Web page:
Some common reasons for referral include:
- Type of case. Most people have very little use for an attorney in their day-to-day lives. If you've been through a divorce, written an estate plan, or sold real estate, you may have a relationship with a lawyer you like and trust. However, that doesn't mean he or she is the best person for a personal injury claim. One reason attorneys refer cases is they're not experienced with that particular area of law. While an estate planning attorney may agree to look at the details of your case, if it's not a cut-and-dried claim, he may decide to refer you to car accident attorney. In this situation, you would be smart to take his advice and look for a new attorney.
- Up-front costs. Complicated car accident cases can require significant up-front costs to investigate and hire crash experts. If you start with a small firm or an independent attorney, he may not have the resources to cover these costs. Since car accident claims are generally taken on a contingency fee basis, you don’t pay unless you win the case, so the attorney will use the firm’s money to pay these costs. If he doesn’t have the ready cash, he may refer your case to a law firm that does. Again, it would be to your benefit to change lawyers in this situation.
- Case load. Attorneys are often working on several cases at once. However, if a big case comes in right after accepting your case, the attorney may realize he will not have the time to do your case justice and may refer your case to another lawyer. While it may be upsetting to be pushed aside for a more lucrative case, it’s best that you know he cannot put in the time your case needs and move on to a new legal team.
- Jurisdiction. If a lawyer researches your case and discovers you'll be required to appear in a court in which he cannot, such as in another state or in court to which he has not been admitted, he may pass your case on to a qualified attorney.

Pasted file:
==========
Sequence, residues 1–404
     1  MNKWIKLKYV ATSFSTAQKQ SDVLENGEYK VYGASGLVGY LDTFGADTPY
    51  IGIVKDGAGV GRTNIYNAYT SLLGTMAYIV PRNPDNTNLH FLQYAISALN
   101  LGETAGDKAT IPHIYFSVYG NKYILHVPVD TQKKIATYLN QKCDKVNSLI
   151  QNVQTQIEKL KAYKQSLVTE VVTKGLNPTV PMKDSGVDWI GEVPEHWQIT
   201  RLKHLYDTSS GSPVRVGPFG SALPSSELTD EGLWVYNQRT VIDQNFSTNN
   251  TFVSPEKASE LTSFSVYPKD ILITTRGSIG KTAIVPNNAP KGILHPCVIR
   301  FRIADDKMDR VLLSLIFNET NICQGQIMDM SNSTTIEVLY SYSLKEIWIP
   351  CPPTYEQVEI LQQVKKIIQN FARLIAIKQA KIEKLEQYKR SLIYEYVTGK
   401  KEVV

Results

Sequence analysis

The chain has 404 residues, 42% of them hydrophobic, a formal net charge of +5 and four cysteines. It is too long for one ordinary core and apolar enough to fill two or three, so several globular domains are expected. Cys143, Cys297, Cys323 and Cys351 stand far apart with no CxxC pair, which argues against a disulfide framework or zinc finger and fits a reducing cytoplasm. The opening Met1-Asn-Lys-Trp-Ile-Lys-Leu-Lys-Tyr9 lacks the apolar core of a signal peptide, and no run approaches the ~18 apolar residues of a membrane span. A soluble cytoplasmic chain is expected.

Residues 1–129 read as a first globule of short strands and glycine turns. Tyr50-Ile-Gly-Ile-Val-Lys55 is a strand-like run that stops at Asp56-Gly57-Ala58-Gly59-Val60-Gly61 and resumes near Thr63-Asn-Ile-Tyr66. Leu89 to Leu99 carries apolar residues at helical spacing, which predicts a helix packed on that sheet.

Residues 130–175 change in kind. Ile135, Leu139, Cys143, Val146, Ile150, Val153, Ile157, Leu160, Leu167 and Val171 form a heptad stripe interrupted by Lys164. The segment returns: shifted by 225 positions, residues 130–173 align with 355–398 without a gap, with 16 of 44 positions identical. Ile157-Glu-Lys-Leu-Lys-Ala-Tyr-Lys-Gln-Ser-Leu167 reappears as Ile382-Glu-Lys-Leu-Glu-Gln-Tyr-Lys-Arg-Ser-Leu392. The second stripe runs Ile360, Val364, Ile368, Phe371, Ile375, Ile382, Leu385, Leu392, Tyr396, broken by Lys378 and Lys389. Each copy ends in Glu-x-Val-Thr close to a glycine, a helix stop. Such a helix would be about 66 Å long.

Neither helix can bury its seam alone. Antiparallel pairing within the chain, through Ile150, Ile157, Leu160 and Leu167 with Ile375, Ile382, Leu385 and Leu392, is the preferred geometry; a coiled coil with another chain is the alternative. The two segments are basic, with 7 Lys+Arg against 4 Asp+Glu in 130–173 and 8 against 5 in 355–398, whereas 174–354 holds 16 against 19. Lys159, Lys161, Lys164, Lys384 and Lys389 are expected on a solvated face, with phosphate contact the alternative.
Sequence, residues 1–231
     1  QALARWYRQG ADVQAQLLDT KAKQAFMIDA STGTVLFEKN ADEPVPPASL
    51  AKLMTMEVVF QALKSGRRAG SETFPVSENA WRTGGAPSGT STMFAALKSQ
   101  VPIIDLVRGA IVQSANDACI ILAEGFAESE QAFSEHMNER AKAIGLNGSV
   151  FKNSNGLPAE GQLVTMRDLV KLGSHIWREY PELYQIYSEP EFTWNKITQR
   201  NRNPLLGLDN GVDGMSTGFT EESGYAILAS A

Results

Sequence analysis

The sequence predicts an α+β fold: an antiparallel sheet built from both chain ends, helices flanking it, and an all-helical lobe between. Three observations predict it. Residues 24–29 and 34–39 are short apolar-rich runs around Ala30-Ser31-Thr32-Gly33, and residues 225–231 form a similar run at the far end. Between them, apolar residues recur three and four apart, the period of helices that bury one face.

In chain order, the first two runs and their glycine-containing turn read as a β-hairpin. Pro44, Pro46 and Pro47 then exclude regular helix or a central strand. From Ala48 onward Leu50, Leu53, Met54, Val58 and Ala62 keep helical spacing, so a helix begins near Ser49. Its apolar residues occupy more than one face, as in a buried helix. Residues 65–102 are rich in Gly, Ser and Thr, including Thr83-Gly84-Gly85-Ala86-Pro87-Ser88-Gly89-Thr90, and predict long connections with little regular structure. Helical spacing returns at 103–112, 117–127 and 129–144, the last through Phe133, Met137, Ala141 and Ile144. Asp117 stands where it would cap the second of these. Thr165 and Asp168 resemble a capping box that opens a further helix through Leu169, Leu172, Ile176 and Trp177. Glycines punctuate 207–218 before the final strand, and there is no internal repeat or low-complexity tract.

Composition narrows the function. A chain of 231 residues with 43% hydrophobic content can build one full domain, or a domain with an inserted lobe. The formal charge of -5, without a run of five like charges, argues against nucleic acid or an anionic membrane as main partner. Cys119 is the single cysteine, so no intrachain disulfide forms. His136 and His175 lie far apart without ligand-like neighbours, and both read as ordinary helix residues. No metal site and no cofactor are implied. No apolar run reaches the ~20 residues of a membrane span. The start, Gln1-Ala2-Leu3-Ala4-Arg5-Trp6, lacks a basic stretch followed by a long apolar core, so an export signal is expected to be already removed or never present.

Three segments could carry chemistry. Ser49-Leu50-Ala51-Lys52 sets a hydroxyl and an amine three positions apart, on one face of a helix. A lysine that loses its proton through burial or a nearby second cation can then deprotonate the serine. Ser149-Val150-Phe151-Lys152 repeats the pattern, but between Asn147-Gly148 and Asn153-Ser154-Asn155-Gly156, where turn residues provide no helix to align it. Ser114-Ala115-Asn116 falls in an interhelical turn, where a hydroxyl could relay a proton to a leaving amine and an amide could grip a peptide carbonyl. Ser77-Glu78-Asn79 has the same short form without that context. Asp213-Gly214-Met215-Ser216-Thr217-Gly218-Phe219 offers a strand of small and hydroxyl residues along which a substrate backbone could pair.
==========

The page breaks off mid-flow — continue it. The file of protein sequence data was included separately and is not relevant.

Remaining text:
Rather than being upset or offended when your attorney has to refer your case, ask for his reasons and understand that it is probably better for your case in the long run.
Choosing the Right Attorney
While the attorney who is removing himself from your case will likely refer you to another professional, you're under no obligation to comply. But, if the original attorney is one you know and trust and he's providing you with an expert recommendation, you should at least meet the other attorney and ask some questions.
You could also use this transition to look for a legal advisor who has experience with your exact situation. If your first choice can't handle your case, Kansas City Accident Injury Attorneys may be a good fit if you were involved in any of the following in Kansas or Missouri:
- Motorcycle crash
- Car accident
- Truck crash
- A denied workers’ compensation claim
- Wrongful death
- Slip and fall
- Construction accident
- Medical malpractice
Connect with us via the link on this page to find out more about our firm and the cases we accept. We are looking forward to hearing from you.
How do I determine if I'm ready to ride a motorcycle?